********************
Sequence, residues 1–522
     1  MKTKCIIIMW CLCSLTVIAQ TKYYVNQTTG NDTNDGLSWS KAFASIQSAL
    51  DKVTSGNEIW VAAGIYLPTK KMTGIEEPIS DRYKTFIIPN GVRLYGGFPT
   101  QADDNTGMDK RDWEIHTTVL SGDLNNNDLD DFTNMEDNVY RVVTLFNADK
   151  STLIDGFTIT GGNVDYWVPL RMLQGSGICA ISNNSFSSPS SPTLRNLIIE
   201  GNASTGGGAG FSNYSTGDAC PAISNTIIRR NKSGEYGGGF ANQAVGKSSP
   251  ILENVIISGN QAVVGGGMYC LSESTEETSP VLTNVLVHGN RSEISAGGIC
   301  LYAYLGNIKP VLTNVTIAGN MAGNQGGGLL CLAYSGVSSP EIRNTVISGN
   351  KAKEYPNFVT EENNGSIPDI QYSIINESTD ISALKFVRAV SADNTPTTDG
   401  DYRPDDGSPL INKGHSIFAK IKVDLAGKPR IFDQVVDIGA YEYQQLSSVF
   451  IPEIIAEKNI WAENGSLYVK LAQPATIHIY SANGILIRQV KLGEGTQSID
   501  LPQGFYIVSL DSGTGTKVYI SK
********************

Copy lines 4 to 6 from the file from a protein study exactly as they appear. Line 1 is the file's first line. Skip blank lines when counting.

   101  QADDNTGMDK RDWEIHTTVL SGDLNNNDLD DFTNMEDNVY RVVTLFNADK
   151  STLIDGFTIT GGNVDYWVPL RMLQGSGICA ISNNSFSSPS SPTLRNLIIE
   201  GNASTGGGAG FSNYSTGDAC PAISNTIIRR NKSGEYGGGF ANQAVGKSSP